The part of Philip still afraid of the earl from their last confrontation almost panicked at that suggestion. But on balance he was curious. He’d known Gideon his whole life, save these last three years. It was not typical for the earl to change his mind about anything, thus why Philip had taken as gospel that he was never welcome in the earl’s presence again. But here Gideon was, offering to share in one of his favorite pastimes. Drinking.
“Of course,” Philip finally managed to say. His voice sounded faint to his own ears.
Gideon gave their direction and extracted the promise that Philip would come over forthwith, this very evening.
Phlip agreed, still reeling in some ways from the entire event. Was he forgiven? If so then the healing powers of Bath were far greater than he’d given them credit.
Gideon fisted his hand again and felt Jack cover it softly with her own in the darkness of the carriage.
“I’m glad he’s done well for himself,” Gideon said, his voice rough.
“Yes,” Jack agreed. “He wears the colors well. I think the army was good for him.”
“I’d like at least thirty minutes to speak with him before you join us.”
He chuckled, surprised by her quick acceptance. “What, no rebellion about the men talking and drinking without you?” he teased.
“I would also want some time with my friend I hadn’t seen in years.”
Gideon cleared his throat. “He was my employee.”
Jack made a dismissive noise. “People aren’t just their titles, Giddy. You know that.”
He knew that. Life was much more complicated than anyone wanted it to be.
Philip knocked at the townhouse door, which honestly felt quite an odd thing to do at midnight. But the earl insisted, and never in his life had Philip had it in him to deny Gideon Wolfe anything. He’d thought that impulse well and truly dead, but this evening put the lie to that assumption.
The servant who opened the door was unfamiliar, hired into the earl’s service since Philip left. It was the first thing to make him realize that time had truly passed in the earl’s household in his absence. As though he somehow thought everything would still be the same.
Philip followed the butler to a study on the lower level where Gideon was already pouring. When he’d been Gideon’s steward it was a rare treat to have a drink with the earl. Usually as a reward for a job well done or because of a holiday.
The earl held up a tumbler. “Still cherry brandy for you?”
“Yes, my lord.” Philip accepted the glass gratefully. Perhaps after two or three of equal size he would feel less like a rat cornered by a hungry cat.
Philip noted that the earl was pouring a whiskey for himself. A whiskey signaled the earl was grappling with a problem. He and Josh Dibbs made something of a study of Gideon’s drinking habits, as they found it very illuminating. The only thing worse than whiskey was Geneva, as the blue ruin signaled that he’d given up on solving the problem.
It occurred to Philip that if Gideon had a problem it was no longer in his purview to try to fix it. He tipped up the glass and tossed back a rather lovely cherry brandy much faster than the scrumptious liquor deserved. He didn’t have quite the sweet tooth that he did as a youth, but the drink proved to be nostalgia and comfort in a glass.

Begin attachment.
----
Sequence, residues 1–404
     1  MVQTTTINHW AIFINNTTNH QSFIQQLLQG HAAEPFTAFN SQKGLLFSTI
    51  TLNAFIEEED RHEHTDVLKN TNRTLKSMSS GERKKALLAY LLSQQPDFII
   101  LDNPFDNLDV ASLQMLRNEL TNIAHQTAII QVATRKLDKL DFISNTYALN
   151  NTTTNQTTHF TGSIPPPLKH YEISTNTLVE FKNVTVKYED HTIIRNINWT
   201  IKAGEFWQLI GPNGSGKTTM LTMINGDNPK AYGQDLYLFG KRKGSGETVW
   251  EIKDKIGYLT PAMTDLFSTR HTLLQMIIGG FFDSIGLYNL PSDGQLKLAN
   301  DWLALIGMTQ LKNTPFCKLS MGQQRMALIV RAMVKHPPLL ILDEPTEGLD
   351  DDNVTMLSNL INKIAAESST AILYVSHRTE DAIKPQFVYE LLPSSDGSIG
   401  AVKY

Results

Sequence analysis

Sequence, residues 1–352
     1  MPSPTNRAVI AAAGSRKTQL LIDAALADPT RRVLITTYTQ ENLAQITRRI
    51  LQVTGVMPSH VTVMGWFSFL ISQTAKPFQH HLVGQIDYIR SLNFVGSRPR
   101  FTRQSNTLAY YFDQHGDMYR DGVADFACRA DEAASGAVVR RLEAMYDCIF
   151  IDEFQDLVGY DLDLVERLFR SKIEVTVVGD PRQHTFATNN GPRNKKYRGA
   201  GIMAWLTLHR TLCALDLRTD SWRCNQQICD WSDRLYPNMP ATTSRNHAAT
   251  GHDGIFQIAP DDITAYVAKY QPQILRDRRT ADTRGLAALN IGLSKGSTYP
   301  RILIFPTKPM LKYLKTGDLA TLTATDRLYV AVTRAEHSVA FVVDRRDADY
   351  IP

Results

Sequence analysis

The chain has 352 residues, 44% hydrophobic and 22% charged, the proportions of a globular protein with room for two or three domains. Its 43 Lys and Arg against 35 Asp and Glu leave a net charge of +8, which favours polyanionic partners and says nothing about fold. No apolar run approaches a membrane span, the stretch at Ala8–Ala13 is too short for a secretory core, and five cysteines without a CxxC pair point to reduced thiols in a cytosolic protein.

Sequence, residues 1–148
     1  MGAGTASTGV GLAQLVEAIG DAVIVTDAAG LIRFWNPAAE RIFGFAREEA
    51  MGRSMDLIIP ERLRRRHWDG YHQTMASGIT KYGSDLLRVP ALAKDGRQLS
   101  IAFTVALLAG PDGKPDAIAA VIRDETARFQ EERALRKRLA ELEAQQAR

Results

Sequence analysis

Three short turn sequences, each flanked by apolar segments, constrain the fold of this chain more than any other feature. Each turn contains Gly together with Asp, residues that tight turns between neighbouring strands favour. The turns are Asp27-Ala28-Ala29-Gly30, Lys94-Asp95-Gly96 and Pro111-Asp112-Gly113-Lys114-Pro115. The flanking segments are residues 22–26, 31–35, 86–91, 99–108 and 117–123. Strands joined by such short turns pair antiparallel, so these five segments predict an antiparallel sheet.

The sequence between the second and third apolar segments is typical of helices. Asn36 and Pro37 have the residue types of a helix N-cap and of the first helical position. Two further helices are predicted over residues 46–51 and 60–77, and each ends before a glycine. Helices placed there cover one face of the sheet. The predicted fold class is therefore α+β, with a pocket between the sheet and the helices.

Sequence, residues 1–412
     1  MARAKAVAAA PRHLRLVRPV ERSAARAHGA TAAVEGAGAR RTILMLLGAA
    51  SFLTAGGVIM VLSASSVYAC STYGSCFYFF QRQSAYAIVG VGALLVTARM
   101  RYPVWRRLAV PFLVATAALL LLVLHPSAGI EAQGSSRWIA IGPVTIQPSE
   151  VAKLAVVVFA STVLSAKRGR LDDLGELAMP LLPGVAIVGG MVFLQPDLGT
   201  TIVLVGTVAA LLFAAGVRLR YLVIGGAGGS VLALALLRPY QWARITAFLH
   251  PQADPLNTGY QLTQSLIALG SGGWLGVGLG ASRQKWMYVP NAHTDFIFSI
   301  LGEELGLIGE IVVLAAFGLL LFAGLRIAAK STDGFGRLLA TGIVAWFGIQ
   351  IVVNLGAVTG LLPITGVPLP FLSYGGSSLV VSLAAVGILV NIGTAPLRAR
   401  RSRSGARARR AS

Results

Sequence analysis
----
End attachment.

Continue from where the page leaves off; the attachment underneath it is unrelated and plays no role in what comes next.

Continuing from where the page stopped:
Gideon looked curious at how quickly Philip drank the first tumbler but merely set his own drink aside to pour Philip another one.
Handing the fresh drink over Gideon waved to the deep leather seats in front of the fireplace. “Sit, let us catch up.”
Philip waited for the earl to sit first, of course. They both crossed their legs and sipped their drinks, for all the world the very picture of modern men of leisure.
Having talked over one another they both stopped.
“Go ahead,” Gideon said graciously.
“No, please,” Philip insisted. One did not interrupt an earl, even if what one wanted to say burned a hole in one’s tongue.
“Well,” Gideon looked down and cleared his throat. “In retrospect I worry that I was too harsh with you and hope you can forgive me.”
Philip stared at the earl, certain he’d misheard the man. The words didn’t even make sense. He’d betrayed the earl, the whole household. He’d had his reasons, but in retrospect they seemed the hollow excuses of a boy too scared to take the stand he’d needed to. That anyone of moral strength and fortitude would have done.
Once he accepted the words he felt incipient tears prick the back of his eyes. As an officer didn’t cry he tossed back the second glass of brandy, causing himself a coughing fit. Gideon rose to pat at his back.
“Are you quite all right, old man?”
He stayed hunched over his knees, fists pressed to his eyes. “You’ve no need to apologize, my lord.” He hoped that the strangled tone to his voice was dismissed as part of swallowing his brandy the wrong way.
He heard the earl sigh and sit down again. As much as Philip might want to look up he was fairly certain that he would start crying. He was suspicious that the brandy was actually making that situation worse rather than better.
The earl continued. “I’ve just come to view things differently since having my son.”
That did make Philip raise his eyes again. Hopefully the bloodshot wateriness would also be put off to his brandy coughing fit. “You have a son?” Somehow that piece of information made the years seem longer and more distant than they had before. His mother had not mentioned it in her letters, but then again they’d rather studiously avoided mentioning the earl in their correspondence.
Gideon smiled with some combination of pleasure and pride that Philip had never seen before. In that moment he knew that the earl was an excellent father. It wasn’t something that Philip had been anticipating because Gideon had always been an odd combination of driven and exacting on one side, while intemperate and debauched on the other. Hardly the recipe for a doting and stable father. Philip wasn’t sure if it was the countess or the son that had changed the earl so much.
“Yes, Oliver was born in November of ‘15.” Gideon settled back as though this was a topic he could speak on for some time. Then, surprisingly, the earl turned the conversation back to Philip. “But tell me what you’ve been about.”
“Well, my lord-”
“Gideon,” the earl interrupted with an encouraging smile.